Total Anomalous Pulmonary Venous Connection Differential Diagnoses

Updated: May 02, 2015
  • Author: Allen D Wilson, MD; Chief Editor: Howard S Weber, MD, FSCAI  more...
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DDx

Diagnostic Considerations

Important considerations

Total anomalous pulmonary venous connection (TAPVC) may be difficult to diagnose, especially in ill newborns on ventilation, if views of the atrial septum are difficult to obtain or if the common pulmonary vein is small or at an obtuse angle to the left atrial back wall. The addition of color Doppler imaging greatly aids in diagnosis in individual pulmonary veins and in analysis of the abnormal flow pattern across the atrial septal defect. Usually, the need for surgery in these patients is not debatable, although timing can be an issue.

The risk of recurrent pulmonary vein stenosis or anastomosis at the anastomosis site between the common pulmonary vein and the left atrium must be explained to families.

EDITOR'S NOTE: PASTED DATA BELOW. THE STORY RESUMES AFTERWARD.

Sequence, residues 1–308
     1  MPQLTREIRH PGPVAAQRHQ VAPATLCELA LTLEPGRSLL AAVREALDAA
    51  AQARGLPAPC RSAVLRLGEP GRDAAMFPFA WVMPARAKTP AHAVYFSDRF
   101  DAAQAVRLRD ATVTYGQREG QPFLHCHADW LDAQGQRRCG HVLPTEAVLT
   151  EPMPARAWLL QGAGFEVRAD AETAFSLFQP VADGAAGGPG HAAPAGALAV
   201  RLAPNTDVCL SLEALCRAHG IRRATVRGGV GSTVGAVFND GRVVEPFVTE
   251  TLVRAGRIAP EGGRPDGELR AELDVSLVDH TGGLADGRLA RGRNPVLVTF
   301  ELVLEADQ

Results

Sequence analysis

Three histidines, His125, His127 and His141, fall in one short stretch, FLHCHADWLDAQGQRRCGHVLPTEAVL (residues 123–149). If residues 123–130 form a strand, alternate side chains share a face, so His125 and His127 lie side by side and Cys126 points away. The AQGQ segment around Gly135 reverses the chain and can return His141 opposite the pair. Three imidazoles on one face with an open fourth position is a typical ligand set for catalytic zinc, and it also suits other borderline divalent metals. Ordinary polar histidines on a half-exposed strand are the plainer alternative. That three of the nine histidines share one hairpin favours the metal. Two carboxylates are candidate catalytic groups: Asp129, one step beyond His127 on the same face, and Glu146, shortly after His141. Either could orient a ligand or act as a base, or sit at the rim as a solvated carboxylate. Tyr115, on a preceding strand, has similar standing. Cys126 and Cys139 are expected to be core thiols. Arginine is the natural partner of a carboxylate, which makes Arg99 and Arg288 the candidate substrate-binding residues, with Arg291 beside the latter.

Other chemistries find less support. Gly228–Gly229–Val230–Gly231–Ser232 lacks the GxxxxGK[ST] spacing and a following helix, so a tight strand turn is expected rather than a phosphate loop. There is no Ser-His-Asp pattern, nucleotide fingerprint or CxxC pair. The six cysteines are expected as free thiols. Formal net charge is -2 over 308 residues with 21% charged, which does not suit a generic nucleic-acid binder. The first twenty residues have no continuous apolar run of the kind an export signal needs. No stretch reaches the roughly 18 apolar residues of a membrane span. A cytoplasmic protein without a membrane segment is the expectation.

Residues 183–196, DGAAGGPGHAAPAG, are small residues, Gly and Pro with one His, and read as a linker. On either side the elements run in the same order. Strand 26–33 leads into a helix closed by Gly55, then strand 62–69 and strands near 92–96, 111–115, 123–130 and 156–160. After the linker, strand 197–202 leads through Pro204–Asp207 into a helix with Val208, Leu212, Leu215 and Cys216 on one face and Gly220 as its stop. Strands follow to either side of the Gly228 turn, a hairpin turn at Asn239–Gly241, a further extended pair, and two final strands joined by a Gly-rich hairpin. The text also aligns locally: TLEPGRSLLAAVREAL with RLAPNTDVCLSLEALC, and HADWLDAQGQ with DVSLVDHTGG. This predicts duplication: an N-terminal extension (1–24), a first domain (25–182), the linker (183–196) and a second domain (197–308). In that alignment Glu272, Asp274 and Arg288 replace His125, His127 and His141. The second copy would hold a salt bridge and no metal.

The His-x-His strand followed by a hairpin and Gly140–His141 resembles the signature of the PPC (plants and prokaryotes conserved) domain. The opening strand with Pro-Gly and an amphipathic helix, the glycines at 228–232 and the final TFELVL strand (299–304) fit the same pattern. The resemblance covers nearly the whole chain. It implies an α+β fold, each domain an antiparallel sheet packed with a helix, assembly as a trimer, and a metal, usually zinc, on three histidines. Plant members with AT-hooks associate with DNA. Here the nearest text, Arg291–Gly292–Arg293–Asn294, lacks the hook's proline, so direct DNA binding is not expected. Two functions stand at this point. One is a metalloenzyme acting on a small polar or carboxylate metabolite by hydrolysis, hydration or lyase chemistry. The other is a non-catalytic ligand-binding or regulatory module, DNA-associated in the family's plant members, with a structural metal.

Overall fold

Other problems to be considered

Newborns

In newborns, also consider the following conditions:

  • Tachypnea
  • Cyanosis
  • Signs of pulmonary venous congestion
  • Cor triatriatum
  • Mitral stenosis
  • Hypoplastic left heart syndrome
  • Coarctation or interrupted aortic arch
  • Transposition of the great vessels
  • Persistent fetal circulation

Infants (age usually >6 wk)

Right ventricular volume load and pulmonary hypertension may indicate any of several heart defects, including the following:

  • Large ventricular septal defect
  • Common arteriovenous canal
  • Truncus arteriosus
  • Single ventricle

Children older than 1 year

Also consider large atrial septal defect as well as common atrium partial anomalous pulmonary venous connection.

Differential Diagnoses